We have a video on our site that tells the story of a client, Jared, who owns a coffee shop in southern Oregon. He struggled for years to find balance between the business he loved that was growing faster than expected, and the family he loved that was missing his attention. In his first year of coaching, he wasn’t so focused on improving the business’s financial performance. His work with his coach changed the way the business functioned, giving him back 10 hours a week to spend with his kids. You can’t put a price on that.

The Entrepreneurial Myth

Q) EMyth is the Entrepreneurial Myth that an individual who understands the technical work of a business can successfully run that business. In your experience, how do many of these technical folks who start a company attempt to gain management expertise? Can entrepreneurship be taught, even if someone is not necessarily a born leader?

You’re right, most people who start a business are not entrepreneurs or managers. They’re what we call technicians. They’ve developed a skill and decided to build a business around that skill in the hope of gaining more freedom and independence than they had working for someone else.

Plumbers open plumbing businesses, doctors open medical practices, hair stylists open hair salons. All believing that if they understand the technical work of a business, they understand a business that does that technical work. Nothing could be further from the truth.

Coaches help leaders to change relationships with themselves, the business & those they impact.

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It’s like saying that someone with beautiful handwriting could write a great novel. Technicians go to work in their business. Leaders, who are part manager and part entrepreneur, go to work on their business. For a technician to grow their business beyond their own ability to produce results, they simply have to commit to making the transition from working in their business to working on it. Those are skills that anyone with the dedication and interest can develop.

Prior to becoming CEO, I was an accountant who started, operated, and eventually sold my accounting practice. Even for me, somebody whose skill-set happened to be in the world of business, there was so much about running a business that was beyond the technical work I was so comfortable with: Knowing how to hire the right people, how to price my services, how to differentiate myself in a crowded market.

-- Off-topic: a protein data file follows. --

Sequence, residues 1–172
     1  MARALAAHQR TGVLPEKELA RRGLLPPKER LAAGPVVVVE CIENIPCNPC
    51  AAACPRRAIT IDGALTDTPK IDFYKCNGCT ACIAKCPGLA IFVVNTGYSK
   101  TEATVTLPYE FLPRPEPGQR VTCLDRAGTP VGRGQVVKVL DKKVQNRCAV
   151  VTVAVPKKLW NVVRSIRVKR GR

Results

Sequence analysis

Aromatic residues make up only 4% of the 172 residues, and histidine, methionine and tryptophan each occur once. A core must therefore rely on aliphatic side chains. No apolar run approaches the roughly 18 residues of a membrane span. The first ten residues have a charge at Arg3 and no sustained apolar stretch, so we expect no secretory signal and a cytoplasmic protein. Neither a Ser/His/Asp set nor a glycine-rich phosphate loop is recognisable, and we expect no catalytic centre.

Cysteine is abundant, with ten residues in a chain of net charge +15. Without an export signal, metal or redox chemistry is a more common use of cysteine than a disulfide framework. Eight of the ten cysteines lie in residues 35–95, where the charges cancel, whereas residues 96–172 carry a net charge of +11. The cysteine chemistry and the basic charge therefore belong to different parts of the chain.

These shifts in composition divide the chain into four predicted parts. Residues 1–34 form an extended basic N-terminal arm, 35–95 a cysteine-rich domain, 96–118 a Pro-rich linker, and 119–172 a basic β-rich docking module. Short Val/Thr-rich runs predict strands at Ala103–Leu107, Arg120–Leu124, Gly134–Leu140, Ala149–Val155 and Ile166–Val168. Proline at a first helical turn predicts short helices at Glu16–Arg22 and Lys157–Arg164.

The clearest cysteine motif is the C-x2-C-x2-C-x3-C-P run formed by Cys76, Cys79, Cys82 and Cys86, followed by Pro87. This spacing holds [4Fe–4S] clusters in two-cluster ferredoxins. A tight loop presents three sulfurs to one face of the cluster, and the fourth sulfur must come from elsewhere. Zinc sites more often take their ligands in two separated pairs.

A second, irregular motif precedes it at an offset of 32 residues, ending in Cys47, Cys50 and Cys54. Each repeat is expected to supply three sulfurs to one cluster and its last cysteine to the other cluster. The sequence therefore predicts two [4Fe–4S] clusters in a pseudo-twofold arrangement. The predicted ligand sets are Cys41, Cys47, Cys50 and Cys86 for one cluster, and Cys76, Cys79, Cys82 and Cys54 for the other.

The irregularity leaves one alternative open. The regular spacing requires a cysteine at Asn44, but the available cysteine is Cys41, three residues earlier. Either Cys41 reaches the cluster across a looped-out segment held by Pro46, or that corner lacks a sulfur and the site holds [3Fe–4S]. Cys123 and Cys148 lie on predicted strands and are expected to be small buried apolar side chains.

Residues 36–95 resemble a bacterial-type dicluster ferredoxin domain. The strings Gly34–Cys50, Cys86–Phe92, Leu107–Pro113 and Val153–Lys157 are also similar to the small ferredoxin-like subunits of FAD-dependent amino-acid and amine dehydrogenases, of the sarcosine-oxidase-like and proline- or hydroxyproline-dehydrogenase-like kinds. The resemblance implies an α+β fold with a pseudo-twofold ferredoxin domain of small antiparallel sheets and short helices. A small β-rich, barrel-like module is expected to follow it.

These are all things for which I had no experience and no toolkit. Looking back, if I had had an EMyth coach guiding me through the process, I could have saved myself endless hours reinventing the wheel in marketing, sales, systems development, and creating the right company culture.

So to answer your question, many technicians simply access the internet for resources on how to run a business and be an effective leader. There are TED Talks, workshops, downloads, webinars… but there’s too much content out there. How does a business owner sift through what’s useful and what’s not? How do they know who to trust?

All of our business solutions are integrated through a perspective about how to create a business that truly works, providing owners with tools to make the changes they want in their business and the support to hold themselves accountable. Some examples of desired changes could be:

  • building the vision of the business
  • aligning the business values with the owner’s
  • creating a cashflow forecasting or an inventory control system

There’s a thread that runs through the EMyth curriculum that connects all the pieces of a successful business in a seamless way. This equips owners to lead, inspire employees, drive results and makes it possible for the company to weather inevitable storms.

What is Business Coaching?

Q) Business Coaching often seems to address personal challenges in order to become a more effective leader. It seems like EMyth helps with more of the structure and science of management. Can you tell me more about what you do in that context?